Do you have a coaching nerd in your life who just loves to learn more and more about their sport and their craft?  Then I’d bet that they love to read books!  Keep checking back as I talk about three books that are great for coaches:  Gender & Competition by Kathy DeBoer, Mind Gym by Gary Mack, and Quiet Strength by Tony Dungy.

Book Review: Gender & Competition—How Men and Women Approach Work and Play Differently

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In 2000, I took my first collegiate head coaching job.  While I was fired up about coaching and volleyball…I was pretty clueless about what it took to be successful as a leader of young women.  That same year, I went to my coaches convention where Kathy DeBoer was the keynote speaker and it was an eye opening experience to say the least.   Her topic was “Improving the Competitiveness of Your Female Team” and she’s expanded that two-day seminar into a great book, Gender and Competition: How Men and Women Approach Work and Play Differently. Here’s a bit about her book:

The rundown: The book is filled with stories from her coaching days and missteps she made with some of her female players, but also stories from her time in athletics administration.  At the heart of the matter is a generation of female coaches who may not have had female coaches themselves who then try to coach as they were coached by men…and the utter disaster that follows. Of course I’d suggest that you read the book, but basically it comes down to women having different expectations from other women than they do from men.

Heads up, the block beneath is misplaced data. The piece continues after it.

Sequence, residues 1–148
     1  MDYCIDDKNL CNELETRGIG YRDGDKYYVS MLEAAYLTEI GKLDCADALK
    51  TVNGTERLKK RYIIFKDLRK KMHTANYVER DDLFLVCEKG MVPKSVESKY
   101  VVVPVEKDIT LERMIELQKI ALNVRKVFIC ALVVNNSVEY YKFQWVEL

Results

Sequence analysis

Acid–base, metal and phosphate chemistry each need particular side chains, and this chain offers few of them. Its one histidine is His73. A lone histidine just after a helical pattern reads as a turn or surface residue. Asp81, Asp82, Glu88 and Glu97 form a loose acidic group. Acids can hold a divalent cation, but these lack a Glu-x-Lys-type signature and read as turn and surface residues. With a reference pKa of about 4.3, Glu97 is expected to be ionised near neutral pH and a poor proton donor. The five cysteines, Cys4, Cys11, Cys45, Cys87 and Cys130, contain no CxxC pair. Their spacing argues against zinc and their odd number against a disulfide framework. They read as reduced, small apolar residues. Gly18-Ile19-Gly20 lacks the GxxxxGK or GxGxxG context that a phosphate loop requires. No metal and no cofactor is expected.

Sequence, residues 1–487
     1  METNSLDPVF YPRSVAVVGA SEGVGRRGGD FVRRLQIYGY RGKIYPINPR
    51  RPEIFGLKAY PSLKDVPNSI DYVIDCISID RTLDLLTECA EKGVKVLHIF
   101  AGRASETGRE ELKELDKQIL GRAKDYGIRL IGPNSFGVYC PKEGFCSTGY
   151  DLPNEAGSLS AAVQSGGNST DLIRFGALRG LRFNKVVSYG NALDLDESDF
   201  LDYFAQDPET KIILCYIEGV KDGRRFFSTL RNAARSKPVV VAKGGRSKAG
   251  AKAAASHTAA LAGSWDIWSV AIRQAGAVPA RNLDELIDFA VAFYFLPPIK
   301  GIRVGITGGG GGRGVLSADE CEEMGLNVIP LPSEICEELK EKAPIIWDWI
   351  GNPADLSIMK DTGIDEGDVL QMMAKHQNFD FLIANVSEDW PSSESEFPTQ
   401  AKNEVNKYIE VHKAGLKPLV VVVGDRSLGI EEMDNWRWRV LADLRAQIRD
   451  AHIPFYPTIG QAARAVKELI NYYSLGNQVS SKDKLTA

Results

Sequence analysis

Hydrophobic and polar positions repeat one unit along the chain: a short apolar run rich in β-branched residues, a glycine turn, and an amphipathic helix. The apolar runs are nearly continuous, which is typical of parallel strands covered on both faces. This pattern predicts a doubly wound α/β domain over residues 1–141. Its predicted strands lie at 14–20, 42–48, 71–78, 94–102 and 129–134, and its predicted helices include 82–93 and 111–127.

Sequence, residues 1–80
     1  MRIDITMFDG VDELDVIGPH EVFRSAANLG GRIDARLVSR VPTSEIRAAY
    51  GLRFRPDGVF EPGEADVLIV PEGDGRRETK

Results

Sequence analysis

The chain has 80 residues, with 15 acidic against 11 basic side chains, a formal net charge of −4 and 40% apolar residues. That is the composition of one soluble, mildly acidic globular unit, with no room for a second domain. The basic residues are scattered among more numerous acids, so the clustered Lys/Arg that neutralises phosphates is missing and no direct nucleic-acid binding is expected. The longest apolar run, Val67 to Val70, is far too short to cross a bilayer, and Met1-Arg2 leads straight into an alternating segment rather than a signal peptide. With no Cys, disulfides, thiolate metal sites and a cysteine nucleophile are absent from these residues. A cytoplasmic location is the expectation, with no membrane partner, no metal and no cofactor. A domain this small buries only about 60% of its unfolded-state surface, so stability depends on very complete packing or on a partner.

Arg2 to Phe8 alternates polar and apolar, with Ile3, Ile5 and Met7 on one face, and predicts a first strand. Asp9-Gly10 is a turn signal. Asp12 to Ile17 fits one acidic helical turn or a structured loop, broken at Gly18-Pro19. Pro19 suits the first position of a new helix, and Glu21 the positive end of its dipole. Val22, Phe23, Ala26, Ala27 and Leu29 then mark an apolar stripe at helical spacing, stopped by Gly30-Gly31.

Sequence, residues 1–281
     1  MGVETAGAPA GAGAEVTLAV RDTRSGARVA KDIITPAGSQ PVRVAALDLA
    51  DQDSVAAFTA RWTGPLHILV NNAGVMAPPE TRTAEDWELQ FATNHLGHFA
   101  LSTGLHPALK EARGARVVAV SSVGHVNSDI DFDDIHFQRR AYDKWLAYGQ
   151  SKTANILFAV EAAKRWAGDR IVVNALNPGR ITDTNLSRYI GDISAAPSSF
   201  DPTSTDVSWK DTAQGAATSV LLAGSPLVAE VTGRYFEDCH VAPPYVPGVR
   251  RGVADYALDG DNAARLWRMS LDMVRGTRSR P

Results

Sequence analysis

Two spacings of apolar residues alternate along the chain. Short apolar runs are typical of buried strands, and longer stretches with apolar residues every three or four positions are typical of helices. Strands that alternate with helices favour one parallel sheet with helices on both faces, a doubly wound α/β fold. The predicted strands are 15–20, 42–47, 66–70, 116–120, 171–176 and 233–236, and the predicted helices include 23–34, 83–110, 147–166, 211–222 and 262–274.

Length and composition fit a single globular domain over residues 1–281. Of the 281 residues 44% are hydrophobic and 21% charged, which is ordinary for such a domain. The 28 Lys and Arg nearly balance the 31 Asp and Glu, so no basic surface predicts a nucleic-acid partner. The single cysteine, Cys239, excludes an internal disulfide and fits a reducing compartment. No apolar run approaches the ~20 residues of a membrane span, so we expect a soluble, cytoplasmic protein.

That’s one side of the story.  The other side is how to motivate female athletes for greatness.  DeBoer says that culturally, young girls view winning and losing as opposite of the “closeness that females value” and avoid it in play activities.  As you read this, your eyes will be opened to the type of environment that you can create to help your female team embrace competition.

Recommended for: Coaches of female athletes…whether male or female.  It gives good insight into why our athletes are the way they are and what they need from us to push them to be great.

Not recommended for: People who insist that there aren’t gender differences, because that’s the basic premise of the book.  As DeBoer says, “until recently, it was not politically correct to think of women as different.  If you said women were equal, then they couldn’t be different.  The wonderful news is we can now say women are equal and different.  And that’s a huge and dramatic breakthrough.”

Great book and it’d make a great gift for the coach in your life…or for yourself to read over winter break.

Do you have a coaching nerd in your life who just loves to learn more and more about their sport and their craft?  Then I’d bet that they love to read books!  Keep checking back as I talk about three books that are great for coaches:  Gender & Competition by Kathy DeBoer, Mind Gym by Gary Mack, and Quiet Strength by Tony Dungy.

A Coach’s Guide To Creating Harmony On A Female Team

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This is the second of three posts that I’ve put together for a myth busters series about women and athletics. Read Part One here and Part Three here.

Mean girls.  We’ve all heard that phrase and I worry that we all believe it on some levels.  I’ve heard coaches, mothers, and female athletes themselves talking about how girls and women can’t get along and that their team’s had “girl issues.”  I don’t believe that issues or conflicts have a gender attached to them.  What I do believe is that women can, in fact, get along and they can compete (together!) at amazingly high levels.  So now, let’s look at the…

2 prevailing myths that too many people believe about female athletes

  • Myth #1:  Women aren’t competitive.